Afterwhich, we were stunned to see the Southern Birdwing (Triodes minos) nectaring on the Ixora flowers. He was a sight to see! The graceful flight, the large yellow hindwings marked with black veins, and the sheer size of this beauty. It was captivating! A large number of butterflies love to nectar on this flower, because it contains many small flowers in one single bunch, and the butterflies find it easy to shift from one flower to another. This way, they have a big meal at once.

It was joined by both mimic forms of Common Mime (Chilasa clytia), the form dissimilis which looks like the Blue Tiger and the form clytia which looks like the Common Crow. I was fortunate enough to get an image of the dissimilis:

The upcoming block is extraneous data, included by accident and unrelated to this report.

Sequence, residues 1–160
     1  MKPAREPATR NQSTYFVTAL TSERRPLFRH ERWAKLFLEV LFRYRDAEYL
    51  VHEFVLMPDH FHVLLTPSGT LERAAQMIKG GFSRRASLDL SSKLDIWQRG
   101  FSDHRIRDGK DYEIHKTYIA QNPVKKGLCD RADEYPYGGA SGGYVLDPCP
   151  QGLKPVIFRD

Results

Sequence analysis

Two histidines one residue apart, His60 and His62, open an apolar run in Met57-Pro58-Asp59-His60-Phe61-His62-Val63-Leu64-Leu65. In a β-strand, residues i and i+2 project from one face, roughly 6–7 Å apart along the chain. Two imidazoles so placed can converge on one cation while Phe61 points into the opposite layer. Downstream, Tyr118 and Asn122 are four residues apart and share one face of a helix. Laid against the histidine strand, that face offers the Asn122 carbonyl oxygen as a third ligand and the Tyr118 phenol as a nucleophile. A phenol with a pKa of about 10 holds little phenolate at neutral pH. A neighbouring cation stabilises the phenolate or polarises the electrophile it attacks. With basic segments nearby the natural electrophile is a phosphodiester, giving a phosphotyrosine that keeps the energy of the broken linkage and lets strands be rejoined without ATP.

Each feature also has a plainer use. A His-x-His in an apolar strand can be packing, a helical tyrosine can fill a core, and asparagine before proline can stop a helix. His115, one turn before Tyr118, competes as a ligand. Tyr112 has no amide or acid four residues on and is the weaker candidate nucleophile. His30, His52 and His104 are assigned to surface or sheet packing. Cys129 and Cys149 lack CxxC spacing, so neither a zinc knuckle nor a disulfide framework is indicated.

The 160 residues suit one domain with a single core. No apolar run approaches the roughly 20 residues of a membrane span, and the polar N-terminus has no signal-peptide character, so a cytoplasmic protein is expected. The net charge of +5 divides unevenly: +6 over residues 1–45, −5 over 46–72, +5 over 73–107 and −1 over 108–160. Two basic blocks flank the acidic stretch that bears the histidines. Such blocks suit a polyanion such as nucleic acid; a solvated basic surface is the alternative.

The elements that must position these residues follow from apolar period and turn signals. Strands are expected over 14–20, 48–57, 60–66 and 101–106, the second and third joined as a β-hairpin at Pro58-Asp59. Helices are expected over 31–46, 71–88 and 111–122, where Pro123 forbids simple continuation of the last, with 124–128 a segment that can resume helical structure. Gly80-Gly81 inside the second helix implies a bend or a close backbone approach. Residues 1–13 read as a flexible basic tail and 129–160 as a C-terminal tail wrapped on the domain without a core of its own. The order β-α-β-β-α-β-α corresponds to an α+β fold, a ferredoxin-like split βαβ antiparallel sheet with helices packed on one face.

10:30am was supposed to be the ideal time to sight a Malabar Banded Peacock at Sammilan's butterfly park, but our group had other plans. Even though I was a little disappointed to be leaving behind a sure chance of sighting one, I was filled with hopes of some great sightings at this waterfall in Someshwara WLS.
Our group was split into two, and we set off. We made countless stops in between. One one such stops, we found some Lycaenids fluttering on the road. Here, we found the Dark Pierrot (Tarucus ananda).

A pretty little butterfly that this is, it was joined by some Line blues, of which one was a Pointed Line Blue (Ionolyce helicon) which is a rarity. We clicked away, and after some time, it happened to sit on my index finger and enjoy a sip of sweat. We also saw Tamil Yeoman (Cirrochroa thais) and Monkey Puzzle (Rathinda amor).